San Sebastian, Spain - Day 2 cont'd.
After a brief rest--and thorough check and re-check of our directions--we headed off to Akelare
to catch the sunset over the Bay of Biscay. The restaurant sits relatively high up, on a bluff that overlooks the ocean. The dining room was quite literally overwhelmed with sunlight, almost to the point of discomfort. More than a few diners were were sporting sunglasses until the sun went down. Still, it was very pretty from our window table.
Here, the sun is, thankfully, behind the clouds. A few minutes before it was not, making it very warm. I had to remove my suit jacket, something I dislike doing.
A box of canapes?
This cute idea would come full circle. You have here an encased vichyssoises in a cocoa butter shell, a tuna fritter of sorts, some kinda of olive-bread cracker, and a blood sausage roll.
Mussel encased in a sea gelee with tempura kelp, encased almond butter with a mini baguette, solid martini in a straw.
There were two tasting menus on offer. Two of us ordered the one, and one of us ordered the second. There were also a couple substitutions because we're annoying like that. I believe each menu is 135.
Pearls of foie gras and sour salad
Hmm, very similar to Wylie's foie gras in-the-round. This was a frozen dish, so I believe the LN2O was in use. Nice sour dressing on the greens.
I got broad beans with onion paper and raw mushrooms
A much lighter starter. I was super impressed with the beans themselves. So much flavor in a tiny package.
False risotto of vegetables with beetroot yolk
This was a very cool dish. Each vegetable was very tender but maintained its unique flavor. At first I thought the red orb was just a beet juice s'fer. It was actually an egg yolk lightly poached in beet juice. Amazing colors.
I had cuttlefish ravioli and gnocchi with squid eggs
Thin slices of raw cuttlefish encased gnocchi made from cuttlefish.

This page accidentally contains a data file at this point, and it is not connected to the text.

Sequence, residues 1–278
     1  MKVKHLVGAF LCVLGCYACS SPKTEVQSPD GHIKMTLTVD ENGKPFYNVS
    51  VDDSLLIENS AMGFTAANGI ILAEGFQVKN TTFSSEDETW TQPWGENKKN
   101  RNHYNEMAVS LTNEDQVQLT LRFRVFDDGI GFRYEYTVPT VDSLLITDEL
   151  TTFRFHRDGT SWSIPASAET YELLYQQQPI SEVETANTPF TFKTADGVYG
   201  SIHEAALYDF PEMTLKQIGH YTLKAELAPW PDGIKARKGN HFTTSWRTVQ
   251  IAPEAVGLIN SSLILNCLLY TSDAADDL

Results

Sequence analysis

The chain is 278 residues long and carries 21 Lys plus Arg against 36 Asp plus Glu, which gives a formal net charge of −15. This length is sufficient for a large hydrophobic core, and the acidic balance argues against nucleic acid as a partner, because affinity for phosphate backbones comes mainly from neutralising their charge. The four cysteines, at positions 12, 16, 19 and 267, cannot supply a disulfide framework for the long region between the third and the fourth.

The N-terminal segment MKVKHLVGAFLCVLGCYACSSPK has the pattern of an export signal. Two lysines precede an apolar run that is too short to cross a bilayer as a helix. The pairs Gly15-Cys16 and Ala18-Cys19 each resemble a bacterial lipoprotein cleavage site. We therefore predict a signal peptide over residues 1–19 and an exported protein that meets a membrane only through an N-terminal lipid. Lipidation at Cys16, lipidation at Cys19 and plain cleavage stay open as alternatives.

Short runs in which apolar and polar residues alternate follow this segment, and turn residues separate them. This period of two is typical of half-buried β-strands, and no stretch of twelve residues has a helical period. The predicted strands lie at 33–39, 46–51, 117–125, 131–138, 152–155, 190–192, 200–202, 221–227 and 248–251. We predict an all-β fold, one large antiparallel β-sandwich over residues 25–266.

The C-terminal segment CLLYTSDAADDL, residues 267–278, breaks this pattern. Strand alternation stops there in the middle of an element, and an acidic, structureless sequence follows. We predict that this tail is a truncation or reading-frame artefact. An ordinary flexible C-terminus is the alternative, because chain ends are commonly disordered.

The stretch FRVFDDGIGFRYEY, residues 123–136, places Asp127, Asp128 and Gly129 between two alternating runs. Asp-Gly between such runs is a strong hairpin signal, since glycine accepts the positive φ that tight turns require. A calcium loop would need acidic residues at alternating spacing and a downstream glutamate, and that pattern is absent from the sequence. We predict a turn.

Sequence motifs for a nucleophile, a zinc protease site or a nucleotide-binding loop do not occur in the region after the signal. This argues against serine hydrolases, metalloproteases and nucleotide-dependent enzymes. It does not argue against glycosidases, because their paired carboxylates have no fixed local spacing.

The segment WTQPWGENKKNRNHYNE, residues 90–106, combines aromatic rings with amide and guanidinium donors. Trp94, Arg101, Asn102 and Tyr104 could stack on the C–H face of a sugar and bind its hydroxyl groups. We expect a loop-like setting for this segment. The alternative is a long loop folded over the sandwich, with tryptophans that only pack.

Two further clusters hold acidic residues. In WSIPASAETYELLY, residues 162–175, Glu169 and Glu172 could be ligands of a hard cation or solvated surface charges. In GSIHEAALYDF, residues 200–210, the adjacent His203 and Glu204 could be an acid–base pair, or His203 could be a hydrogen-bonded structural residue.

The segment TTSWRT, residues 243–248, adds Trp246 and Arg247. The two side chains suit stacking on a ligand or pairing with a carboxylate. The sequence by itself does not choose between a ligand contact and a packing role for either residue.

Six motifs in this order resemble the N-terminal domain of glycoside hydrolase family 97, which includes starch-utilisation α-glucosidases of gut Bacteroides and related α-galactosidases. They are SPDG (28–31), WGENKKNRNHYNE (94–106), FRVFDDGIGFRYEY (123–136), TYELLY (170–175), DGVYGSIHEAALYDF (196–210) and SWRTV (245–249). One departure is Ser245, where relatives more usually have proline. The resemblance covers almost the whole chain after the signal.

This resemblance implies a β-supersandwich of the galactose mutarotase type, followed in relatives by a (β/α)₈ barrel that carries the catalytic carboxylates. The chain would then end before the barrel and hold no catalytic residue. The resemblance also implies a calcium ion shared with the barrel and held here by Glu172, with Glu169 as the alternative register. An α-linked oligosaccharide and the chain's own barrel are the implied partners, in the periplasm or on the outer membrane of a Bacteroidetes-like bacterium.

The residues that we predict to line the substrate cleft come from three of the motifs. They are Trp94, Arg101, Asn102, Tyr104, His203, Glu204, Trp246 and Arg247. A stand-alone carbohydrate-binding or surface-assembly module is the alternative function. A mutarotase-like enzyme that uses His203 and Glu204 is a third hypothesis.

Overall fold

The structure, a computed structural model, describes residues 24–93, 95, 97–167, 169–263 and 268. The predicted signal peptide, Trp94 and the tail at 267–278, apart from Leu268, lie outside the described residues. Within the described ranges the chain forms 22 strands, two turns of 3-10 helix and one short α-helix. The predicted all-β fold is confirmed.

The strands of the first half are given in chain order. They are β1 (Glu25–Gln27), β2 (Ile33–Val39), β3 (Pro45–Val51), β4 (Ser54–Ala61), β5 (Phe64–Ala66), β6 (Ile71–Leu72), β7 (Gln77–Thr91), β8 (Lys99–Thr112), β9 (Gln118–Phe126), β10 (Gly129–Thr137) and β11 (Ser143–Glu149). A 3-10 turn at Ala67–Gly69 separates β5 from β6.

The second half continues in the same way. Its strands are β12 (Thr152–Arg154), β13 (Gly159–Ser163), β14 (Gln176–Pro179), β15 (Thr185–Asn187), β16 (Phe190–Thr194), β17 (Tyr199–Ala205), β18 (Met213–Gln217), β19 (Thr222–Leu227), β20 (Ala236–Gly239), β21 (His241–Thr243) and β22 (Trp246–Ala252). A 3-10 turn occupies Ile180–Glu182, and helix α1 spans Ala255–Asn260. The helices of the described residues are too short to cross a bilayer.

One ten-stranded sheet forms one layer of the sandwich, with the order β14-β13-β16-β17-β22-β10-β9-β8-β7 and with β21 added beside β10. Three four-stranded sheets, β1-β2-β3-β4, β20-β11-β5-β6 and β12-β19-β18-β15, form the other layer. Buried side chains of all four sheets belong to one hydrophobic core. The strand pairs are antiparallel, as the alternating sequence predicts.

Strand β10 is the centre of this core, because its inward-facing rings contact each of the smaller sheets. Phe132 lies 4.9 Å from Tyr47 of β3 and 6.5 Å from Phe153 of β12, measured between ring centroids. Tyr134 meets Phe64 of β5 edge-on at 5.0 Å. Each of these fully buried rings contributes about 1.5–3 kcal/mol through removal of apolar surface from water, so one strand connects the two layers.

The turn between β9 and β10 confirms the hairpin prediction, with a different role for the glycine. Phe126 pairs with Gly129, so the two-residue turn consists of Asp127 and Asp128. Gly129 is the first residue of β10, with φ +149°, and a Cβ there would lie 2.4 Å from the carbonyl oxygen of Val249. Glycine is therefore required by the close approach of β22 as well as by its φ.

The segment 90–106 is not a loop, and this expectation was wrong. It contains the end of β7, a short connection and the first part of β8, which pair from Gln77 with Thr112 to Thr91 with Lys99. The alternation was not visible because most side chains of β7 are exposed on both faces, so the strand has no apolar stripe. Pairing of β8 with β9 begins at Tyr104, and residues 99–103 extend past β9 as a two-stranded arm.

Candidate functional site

Scallop cooked in salt with pumpkin
The scallop is cooked in a mini Staub pot filled with seasoned salt. The scallop is then removed tableside, dunked into a small glass of pumpkin soup. This dunking not only washes off the salt from the scallop but also seasons the soup. Pumpkin candy and roasted pumpkin garnished the plate.
I received "egg pasta" with wild mushrooms
I really liked this idea of taking a totally classic dish and totally turning it upside down. Here, the pasta is made with egg white and egg yolk. A generous serving of wild mushrooms was the heart of the dish though. I certainly don't prefer this version to the original, but the idea was a fun one.
Sole in a sea of coral
So here's all kinds of "caviar" and caviar with some fish. I thought both these fish courses were a bit of a step down on the execution front. The skin could've been crisper and I wasn't in love with either of these accompaniments. Very good, but not excellent; I think innovation was put before taste here.
I was served red mullet with sauce "fusili"
So here we have two fillets of red mullet with a heavy spice rub. The sauce is gelatinzed pasta flavored with parsley, soy sauce, and garlic. I thought this was a bit much as the pieces of pasta didn't add much to the dish and kind of looked odd.
Lamb, aka "You've never seen anything like this before"